“We don’t want people to put devices on their ears and cause more hearing loss,” said Tricia Ashby-Scabis, senior director of the Audiology Practice at the American Speech-Language-Hearing Association, which represents speech-language pathologists, audiologists and similar professional.
For hearing aid makers, the FDA regulation is cause for celebration. Offering over-the-counter (OTC) hearing aids will reduce their cost and increase accessibility, said Gary Rosenblum, president of hearing aid company Oticon and president of the American Hearing Industry Association of Manufacturers.
But even he warned that “over-the-counter hearing aids are not necessarily a panacea” and urged people who buy over-the-counter hearing aids to still see a hearing care professional and ask tough questions about return policies and warranties.
Currently, hearing aids cost anywhere from a few hundred dollars to nearly $8,000 per pair, depending on their technical sophistication and the “bundled services” packages offered by audiologists. These may include a 30- or 45-day free trial, weekly visits to adjust and ask questions, and years of follow-up care.
The current market includes a wide variety of hearing aid types—from tiny earbuds that fit into the ear canal to behind-the-ear models with clear wires; rechargeable and battery-powered; hearing aids that sync with smartphones and have Bluetooth capabilities.
“The idea that people can buy something, program it, put it on their ear and have it work for them is naive,” Ashby-Scabis said. “I think there needs to be some thought about how we’re going to provide follow-up. I’m not sure. [over-the-counter] Hearing aids will be as simple as one would hope. “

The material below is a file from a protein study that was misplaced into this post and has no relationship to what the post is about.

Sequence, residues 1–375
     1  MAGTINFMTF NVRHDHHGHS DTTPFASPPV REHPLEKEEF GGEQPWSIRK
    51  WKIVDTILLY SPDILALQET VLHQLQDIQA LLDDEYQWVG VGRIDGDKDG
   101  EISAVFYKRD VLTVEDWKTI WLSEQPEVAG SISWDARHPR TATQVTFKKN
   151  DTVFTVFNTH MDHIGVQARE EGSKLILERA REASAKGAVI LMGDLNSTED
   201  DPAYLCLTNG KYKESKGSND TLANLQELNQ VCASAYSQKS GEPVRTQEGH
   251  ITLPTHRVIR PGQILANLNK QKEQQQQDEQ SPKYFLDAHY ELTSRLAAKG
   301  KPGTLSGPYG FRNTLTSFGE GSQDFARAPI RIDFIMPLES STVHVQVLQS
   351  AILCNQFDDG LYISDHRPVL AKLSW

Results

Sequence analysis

Ashby-Scabis and other audiologists worry that consumers will try over-the-counter hearing aids, find themselves frustrating to use them and abandon the devices altogether. “We don’t want people to think, ‘Hearing aids don’t work,'” she said.
On a community health level, hearing loss far outnumbers missed dinner table conversations or annoying phone calls with grandfathers. Untreated hearing loss can lead to isolation, depression, anxiety, increased incidence of dementia, and increased risk of falls.
Audiologists suggest that making hearing aids more visible — right next to the over-the-counter reading glasses rotating kiosk at your local pharmacy — may increase awareness of hearing health, while also reducing negative stereotypes and stigma about hearing loss.
They say that stigma has changed due to the popularity of earbuds and Bluetooth devices. It is normal to see plastic debris in the ears of people of any age.
At the very least, audiologists say, the buzz about over-the-counter hearing aids will make hearing loss a less taboo topic. “Patients say, ‘I hate my hearing aids, I can’t live without them,'” Ashby-Scabis said. “I hope people are more aware of the health effects of hearing loss. I hope we’ll see this change in the next few years.”